The Classic Slum: Salford Life in the First Quarter of the Century

Told from the heart and a first hand account too. No historian stifly telling us what was happening by just going over statistics. This was told with fond and not so fond memories from somebody who had lived through and experienced what was going on around him. Heart warming and heart breaking in places. If you're interested in this period of history then I'd strongly recommend this book. It also makes one think where our parents and grand-parents derive their own "ways" too.
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6 of 7 people found the following review helpful
5.0 out of 5 stars A compelling lively account, 9 Feb 2008
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Agree with reviewer who wrote " Roberts portrayal of poor better than Orwell and Dickens".
Written with his real life experience. This is an
Absorbing interesting detailed factual account without any hint of dullness or sentimentality.
Realistic down to earth evocation of a time and ( mind Set) thankfully we can look back to without the rose tinted spectacles.
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1 of 1 people found the following review helpful
5.0 out of 5 stars Classic, 16 Jan 2013
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A valuable, first hand account of slum life in the 1900s. As a history underrgraduate, I am planning on using this for my work, but will find it a pleasure to read. Loved his book about school too.
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5.0 out of 5 stars BRILLIANT, STUNNING AND INSPIRING, 9 Sep 2014
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What a book...a lucid, well written and thought provoking memoir of the author's youth in one of the most deprived areas in the country. This neck of the woods was written about and has appeared in social studies but I prefer to have the stories from the source. The author superbly takes you back with him to the smells, dirt and characters of the early 20th century with a mixture of humour and matter-of-factness that many novelists strive for. I laughed out loud at the episode with the cat and his dad's dinner...well worth it for this alone!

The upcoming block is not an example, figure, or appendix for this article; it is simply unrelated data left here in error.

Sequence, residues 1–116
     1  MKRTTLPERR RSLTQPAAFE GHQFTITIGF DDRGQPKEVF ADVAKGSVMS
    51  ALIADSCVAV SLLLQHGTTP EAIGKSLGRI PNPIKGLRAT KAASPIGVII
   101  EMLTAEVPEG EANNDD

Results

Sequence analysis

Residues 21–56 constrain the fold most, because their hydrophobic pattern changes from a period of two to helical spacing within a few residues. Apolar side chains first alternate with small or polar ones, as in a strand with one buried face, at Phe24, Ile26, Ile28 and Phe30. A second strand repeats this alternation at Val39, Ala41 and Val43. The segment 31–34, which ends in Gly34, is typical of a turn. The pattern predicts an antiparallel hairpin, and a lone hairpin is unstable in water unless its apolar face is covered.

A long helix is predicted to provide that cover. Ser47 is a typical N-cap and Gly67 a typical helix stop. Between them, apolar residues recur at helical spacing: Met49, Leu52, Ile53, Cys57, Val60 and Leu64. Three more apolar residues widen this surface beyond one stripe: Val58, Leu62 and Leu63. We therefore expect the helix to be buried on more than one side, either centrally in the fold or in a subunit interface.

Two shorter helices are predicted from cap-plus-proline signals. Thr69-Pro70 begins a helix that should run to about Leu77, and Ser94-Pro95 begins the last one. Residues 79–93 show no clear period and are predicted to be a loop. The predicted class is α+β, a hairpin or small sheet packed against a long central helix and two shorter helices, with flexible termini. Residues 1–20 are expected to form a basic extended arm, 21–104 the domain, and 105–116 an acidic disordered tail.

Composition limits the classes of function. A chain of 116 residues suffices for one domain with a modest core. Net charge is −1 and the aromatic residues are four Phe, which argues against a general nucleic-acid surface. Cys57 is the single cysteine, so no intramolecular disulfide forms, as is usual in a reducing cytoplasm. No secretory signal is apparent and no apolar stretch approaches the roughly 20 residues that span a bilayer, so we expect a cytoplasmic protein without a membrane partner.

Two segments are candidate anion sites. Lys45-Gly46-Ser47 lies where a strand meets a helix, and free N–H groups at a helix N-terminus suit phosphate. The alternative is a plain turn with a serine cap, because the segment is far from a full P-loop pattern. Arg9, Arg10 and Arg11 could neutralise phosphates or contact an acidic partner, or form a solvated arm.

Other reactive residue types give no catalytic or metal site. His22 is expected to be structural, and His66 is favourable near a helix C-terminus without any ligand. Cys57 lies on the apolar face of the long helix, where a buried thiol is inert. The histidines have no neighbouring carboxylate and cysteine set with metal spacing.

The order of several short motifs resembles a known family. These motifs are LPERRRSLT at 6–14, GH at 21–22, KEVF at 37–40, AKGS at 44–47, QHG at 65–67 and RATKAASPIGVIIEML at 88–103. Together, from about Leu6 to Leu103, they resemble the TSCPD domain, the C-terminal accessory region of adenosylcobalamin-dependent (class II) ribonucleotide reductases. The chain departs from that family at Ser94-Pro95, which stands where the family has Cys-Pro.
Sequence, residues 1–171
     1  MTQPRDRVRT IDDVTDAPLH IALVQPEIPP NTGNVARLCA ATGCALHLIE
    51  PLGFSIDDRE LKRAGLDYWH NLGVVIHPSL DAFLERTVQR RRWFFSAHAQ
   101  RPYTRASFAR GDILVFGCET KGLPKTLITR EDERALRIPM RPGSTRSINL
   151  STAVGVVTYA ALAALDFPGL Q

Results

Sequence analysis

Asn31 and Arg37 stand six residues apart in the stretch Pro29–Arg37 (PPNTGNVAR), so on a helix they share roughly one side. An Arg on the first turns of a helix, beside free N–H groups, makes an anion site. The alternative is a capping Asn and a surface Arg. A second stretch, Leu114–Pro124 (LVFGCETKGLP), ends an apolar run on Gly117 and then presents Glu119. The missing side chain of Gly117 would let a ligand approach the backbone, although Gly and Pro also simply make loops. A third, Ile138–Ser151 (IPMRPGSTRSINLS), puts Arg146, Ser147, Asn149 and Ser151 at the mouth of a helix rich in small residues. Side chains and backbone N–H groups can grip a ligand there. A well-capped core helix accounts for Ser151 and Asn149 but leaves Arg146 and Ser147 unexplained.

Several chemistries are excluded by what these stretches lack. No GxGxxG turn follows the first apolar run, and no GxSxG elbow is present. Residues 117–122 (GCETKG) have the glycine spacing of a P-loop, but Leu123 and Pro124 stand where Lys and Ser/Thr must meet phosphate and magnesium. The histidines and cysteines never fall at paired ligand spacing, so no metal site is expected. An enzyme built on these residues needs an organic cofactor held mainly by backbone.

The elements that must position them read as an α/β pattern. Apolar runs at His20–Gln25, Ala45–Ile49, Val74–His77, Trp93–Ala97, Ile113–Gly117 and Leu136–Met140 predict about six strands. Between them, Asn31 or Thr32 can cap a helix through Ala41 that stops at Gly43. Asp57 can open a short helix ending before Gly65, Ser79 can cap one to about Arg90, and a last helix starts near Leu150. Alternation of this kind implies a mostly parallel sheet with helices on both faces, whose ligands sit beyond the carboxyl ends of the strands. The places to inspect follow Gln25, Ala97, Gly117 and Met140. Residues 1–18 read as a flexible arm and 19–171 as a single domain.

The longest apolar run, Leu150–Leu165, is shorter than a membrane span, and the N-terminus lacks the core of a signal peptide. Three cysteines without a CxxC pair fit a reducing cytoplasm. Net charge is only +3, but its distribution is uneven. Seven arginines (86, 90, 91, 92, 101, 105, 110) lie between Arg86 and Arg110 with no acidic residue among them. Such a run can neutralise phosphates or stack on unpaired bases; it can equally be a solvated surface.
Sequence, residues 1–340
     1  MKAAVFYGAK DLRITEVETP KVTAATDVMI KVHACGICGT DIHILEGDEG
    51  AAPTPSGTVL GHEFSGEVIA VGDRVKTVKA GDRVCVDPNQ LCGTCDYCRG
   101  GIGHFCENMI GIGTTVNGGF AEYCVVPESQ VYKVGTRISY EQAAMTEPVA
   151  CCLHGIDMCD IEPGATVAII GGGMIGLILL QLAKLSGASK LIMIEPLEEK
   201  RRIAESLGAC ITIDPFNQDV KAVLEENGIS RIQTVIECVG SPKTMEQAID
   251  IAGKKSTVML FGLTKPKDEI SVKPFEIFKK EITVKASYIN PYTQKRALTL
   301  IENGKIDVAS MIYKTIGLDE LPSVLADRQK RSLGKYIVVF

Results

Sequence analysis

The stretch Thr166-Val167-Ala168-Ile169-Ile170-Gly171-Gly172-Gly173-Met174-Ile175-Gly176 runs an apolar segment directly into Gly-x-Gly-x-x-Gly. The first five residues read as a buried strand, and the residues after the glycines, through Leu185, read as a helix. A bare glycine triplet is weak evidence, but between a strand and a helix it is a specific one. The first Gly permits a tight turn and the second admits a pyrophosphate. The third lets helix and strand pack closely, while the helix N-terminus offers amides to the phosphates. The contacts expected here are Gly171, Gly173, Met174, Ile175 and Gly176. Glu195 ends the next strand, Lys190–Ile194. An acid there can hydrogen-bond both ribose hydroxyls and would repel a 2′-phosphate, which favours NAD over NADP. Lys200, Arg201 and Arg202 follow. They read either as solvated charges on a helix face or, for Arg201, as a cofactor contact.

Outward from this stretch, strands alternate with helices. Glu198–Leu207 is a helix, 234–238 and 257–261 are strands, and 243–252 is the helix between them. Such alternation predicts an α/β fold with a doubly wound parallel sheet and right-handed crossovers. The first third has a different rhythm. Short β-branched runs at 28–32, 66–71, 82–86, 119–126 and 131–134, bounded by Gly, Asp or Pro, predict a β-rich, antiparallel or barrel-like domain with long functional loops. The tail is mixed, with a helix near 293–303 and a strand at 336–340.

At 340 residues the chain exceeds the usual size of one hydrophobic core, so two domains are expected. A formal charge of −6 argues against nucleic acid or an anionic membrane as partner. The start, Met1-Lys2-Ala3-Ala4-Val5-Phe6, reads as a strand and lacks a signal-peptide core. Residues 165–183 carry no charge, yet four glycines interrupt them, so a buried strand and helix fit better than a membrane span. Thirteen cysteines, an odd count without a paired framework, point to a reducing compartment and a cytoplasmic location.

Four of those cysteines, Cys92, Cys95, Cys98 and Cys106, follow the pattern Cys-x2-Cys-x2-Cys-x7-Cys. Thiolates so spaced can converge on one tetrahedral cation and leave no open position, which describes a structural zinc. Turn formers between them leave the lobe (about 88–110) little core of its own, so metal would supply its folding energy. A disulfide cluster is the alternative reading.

A remarkable reminiscence that is in no way mawkish or sentimental, and should stir anyone who reads it into doing more research and into action against the system that keeps people in poverty for its own end. Poverty is of course relative, but it stands today that it exists in all countries.
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5.0 out of 5 stars Social history made accessible and interesting, 12 Mar 2014
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This review is from: The Classic Slum: Salford Life in the First Quarter of the Century (Kindle Edition)
This book is a good piece of social history, written in a style that makes it accessible and interesting to a very wide audience.

It differs from those books which contain the ramblings of someone with false memory sysndrome. This book is based on the author's personal experience but he has taken the bother to carry out background research with which he has augmented it.

Apart from a general audience, it should compulsory reading for undergraduate social and economic history students.
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3.0 out of 5 stars Ok, 7 Jan 2014
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Bought for a friend, he was not too impressed with it, although he read it all through, better books out there